Two older adults using a Magic Table
Tover Magic Table in use by senior living residents (Courtesy of Tovertafel)

Table top gaming consoles — so-called magic tables — are taking off in memory care communities, providing an easy way to stimulate the brains of those with memory impairing diseases.

Wheelock Terrace Assisted Living in Hanover, NH, and Tulsa, OK-based Senior Star are using the consoles to draw residents out of their shells, promote eye-hand coordination, improve memory recall and range of motion, and encourage social interaction.

The systems are similar in that a ceiling-mounted console projects life-like virtual images onto a table. The systems engage social, physical and cognitive areas of the brain, using infrared sensors to detect movement and engagement from users. Both systems were designed specifically for use in cognitively impaired people, although they have potential use for other groups, including individuals on the autism spectrum.

The residents of Wheelock Terrace Assisted Living are using Tovertafel gaming consoles from the Netherlands.

Residents playing with Magic Table
Wheelock Terrace Assisted Living residents with the Tover Magic Table (Courtesy of Wheelock Terrace)

Dutch for “magic table,” the Tovertafel system is shared with other Wheelock Terrace communities, including Valley Terrace in White River Junction, VT, and Woodstock Terrace in Woodstock, VT. Plans are in the works, however, to secure a system for each community.

Wheelock Terrace Marketing / Admission Coordinator Pudge Eaton told McKnight’s Senior Living that she first saw a Tovertafel in action in 2018. Wheelock Terrace was the first community in New Hampshire, and one of only two in the New England region, to adopt the system last November.

Residents have at least 35 games to choose from — a list that continues to grow with each software update — and can simply use their hands to control the scene before them. Games also can be projected onto the floor, allowing residents to use their feet to kick virtual balls.

The system offers various levels of participation to coincide with the different stages of memory impairment residents are experiencing. 

“It’s amazing to see the change in a resident’s demeanor when they’re engaged with the Tovertafel,” Wheelock Terrace Life Enrichment Director Cindy Wiegand said. “I’ve seen memory care residents who are typically withdrawn or even nonverbal engage with the Tovertafel; they laugh, smile, make eye contact and get excited when they’re able to reach out and touch a goldfish or flower petal.

“A smile is worth a thousand words in their case.”

The system comes with a two-year warranty, followed by a yearly maintenance software upgrade. Cindy said she’s been providing information on the system to other senior living communities that heard about the device and contacted her.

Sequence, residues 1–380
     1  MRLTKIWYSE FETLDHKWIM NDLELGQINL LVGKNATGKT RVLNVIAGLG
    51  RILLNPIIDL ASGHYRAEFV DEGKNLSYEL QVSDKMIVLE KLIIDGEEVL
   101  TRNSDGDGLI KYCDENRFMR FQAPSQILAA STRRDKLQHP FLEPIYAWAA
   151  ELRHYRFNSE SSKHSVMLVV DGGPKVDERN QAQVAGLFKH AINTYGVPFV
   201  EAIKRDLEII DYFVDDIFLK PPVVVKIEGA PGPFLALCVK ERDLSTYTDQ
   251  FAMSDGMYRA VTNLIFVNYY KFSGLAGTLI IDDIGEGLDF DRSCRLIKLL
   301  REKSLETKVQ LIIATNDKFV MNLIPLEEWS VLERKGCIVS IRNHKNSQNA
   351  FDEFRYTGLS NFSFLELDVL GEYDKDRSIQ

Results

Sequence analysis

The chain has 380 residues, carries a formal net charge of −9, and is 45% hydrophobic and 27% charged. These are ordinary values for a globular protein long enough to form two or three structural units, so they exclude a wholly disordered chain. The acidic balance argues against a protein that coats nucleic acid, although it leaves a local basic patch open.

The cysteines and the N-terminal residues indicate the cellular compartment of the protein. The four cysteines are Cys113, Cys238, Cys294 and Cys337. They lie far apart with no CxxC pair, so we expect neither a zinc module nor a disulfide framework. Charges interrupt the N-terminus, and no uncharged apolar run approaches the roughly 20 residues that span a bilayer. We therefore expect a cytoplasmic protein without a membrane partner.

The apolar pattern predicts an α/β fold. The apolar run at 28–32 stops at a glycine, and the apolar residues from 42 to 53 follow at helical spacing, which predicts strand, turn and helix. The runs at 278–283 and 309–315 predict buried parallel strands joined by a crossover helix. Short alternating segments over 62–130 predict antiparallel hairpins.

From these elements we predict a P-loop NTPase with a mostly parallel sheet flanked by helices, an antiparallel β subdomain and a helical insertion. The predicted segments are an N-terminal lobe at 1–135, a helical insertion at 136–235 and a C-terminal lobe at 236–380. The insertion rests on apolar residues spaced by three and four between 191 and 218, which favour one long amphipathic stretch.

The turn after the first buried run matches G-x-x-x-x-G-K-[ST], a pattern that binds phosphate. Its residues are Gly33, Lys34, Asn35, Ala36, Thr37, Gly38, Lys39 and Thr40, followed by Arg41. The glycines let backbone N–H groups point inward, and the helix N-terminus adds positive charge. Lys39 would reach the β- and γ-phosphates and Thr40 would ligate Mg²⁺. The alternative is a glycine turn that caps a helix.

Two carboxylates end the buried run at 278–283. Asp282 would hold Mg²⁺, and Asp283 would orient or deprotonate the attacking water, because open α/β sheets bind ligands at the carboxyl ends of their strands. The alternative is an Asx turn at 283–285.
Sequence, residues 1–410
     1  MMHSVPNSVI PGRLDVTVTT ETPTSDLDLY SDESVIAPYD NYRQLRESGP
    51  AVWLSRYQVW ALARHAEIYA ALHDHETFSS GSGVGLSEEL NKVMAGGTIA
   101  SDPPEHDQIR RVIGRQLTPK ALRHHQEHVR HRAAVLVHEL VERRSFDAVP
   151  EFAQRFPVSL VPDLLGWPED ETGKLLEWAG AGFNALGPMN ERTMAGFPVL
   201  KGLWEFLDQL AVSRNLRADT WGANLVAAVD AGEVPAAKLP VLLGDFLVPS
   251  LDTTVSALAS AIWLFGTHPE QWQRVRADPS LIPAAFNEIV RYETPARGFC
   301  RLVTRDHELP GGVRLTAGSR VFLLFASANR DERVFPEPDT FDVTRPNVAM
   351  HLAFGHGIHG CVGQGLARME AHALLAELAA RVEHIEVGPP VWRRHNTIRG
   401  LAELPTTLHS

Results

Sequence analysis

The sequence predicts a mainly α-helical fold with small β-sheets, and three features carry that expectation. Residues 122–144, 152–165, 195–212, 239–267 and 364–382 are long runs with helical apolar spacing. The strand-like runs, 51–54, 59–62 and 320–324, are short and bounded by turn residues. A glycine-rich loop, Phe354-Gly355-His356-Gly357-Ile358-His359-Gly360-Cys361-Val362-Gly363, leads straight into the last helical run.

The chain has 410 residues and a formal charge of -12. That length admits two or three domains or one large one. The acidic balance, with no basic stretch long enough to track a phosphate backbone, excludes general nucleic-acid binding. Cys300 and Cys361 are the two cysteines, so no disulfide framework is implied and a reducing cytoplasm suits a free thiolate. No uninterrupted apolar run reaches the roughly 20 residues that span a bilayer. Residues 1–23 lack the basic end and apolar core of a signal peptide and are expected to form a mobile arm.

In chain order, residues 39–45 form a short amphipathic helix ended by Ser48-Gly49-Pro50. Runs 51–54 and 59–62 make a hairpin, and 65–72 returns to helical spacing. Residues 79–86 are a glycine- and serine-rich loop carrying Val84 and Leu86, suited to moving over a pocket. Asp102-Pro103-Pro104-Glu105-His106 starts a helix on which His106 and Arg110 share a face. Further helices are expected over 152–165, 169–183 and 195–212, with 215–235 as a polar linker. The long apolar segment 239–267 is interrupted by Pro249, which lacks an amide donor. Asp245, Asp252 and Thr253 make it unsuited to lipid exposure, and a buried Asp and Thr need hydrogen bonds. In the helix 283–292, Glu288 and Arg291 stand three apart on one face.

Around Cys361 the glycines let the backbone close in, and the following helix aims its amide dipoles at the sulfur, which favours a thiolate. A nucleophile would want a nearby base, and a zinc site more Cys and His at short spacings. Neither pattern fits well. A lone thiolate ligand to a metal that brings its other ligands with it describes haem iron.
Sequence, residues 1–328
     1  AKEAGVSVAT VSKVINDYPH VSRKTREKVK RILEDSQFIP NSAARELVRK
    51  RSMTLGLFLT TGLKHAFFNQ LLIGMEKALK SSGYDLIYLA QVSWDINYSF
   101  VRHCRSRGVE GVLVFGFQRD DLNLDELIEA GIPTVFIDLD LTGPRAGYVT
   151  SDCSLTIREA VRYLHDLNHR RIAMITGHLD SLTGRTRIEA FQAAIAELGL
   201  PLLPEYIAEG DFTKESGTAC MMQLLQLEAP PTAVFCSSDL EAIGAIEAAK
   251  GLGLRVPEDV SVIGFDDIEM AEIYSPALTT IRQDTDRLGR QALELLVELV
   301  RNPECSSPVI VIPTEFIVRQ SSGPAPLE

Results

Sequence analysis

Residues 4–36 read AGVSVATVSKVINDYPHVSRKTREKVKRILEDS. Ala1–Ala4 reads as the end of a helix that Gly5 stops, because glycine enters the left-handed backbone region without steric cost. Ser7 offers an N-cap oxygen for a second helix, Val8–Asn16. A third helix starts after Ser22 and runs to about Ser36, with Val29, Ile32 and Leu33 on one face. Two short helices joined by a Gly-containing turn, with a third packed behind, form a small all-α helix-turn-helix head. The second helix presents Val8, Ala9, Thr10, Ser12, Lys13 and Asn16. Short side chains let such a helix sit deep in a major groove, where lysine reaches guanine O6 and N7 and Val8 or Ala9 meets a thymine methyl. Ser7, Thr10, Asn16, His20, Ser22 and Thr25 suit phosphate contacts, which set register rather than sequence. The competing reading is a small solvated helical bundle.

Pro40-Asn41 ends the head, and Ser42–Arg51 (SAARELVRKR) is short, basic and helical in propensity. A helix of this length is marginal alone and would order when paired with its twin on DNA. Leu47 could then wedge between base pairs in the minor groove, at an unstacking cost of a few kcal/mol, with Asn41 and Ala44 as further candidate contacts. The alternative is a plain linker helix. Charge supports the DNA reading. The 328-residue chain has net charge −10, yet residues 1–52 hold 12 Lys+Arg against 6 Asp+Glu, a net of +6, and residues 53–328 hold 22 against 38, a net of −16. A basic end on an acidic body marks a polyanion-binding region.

Woman plays with virtual tabletop game
Senior Star Lucynt Magic Table (Courtesy of Senior Star)

Senior Star similarly adopted the use of a magic table from Colorado-based Lucynt in its memory care communities.

The Lucynt Magic Table features more than 100 electronic games on a tabletop, with ever-changing images and accompanying sounds. The interactive system is available to residents 24/7 — motion-activated technology allows the games to be played without the help of an employee.

Senior Star Director of Learning and Development Taylor Hernandez told McKnight’s Senior Living that the idea for using a magic table actually came from a program idea challenge to staff members during a February 2021 virtual company meeting.

A community memory care coordinator at Elmore Place in Davenport, IA, and another community that provided a similar idea, shared in the $1,000 challenge prize when Senior Star opted to use the Lucynt Magic Table system.

“What we liked about Lucynt was the ease of the program — it’s ‘plug and play,’” Hernandez said, adding that systems were installed in each of the company’s four memory care communities. There is no subscription, but the company pays a support fee that keeps the system updated. 

The systems are one of Senior Star’s brain power signature programs, although Hernandez said it also could fall under exercise and movement, and socialization. 

“This checked all the boxes,” she said. 

Hernanzdez said that staff members appreciate that the system was designed with input from healthcare professionals.

“It’s designed to make the lives of those who live and work in a dementia care setting more meaningful,” she said. “Anything and everything that we collectively — senior living and memory care specifically, can do that can make the world of our associates as supported and as easy to engage with residents as possible, it’s what we all strive to do.”

Trend setter

Fellowship Community won the Gold award in the Quality category of the Senior Living track of the 2020 McKnight’s Excellence in Technology Awards for its version of a magic table.

The community was looking for new ways to engage its memory care residents when an online search led to a table top virtual activity center — now commonly referred to as a magic table — used in Europe but not yet available in the United States. 

The Fellowship Community team cobbled together specialty software with a commercially available computer and projector to cast interactive videos on a table.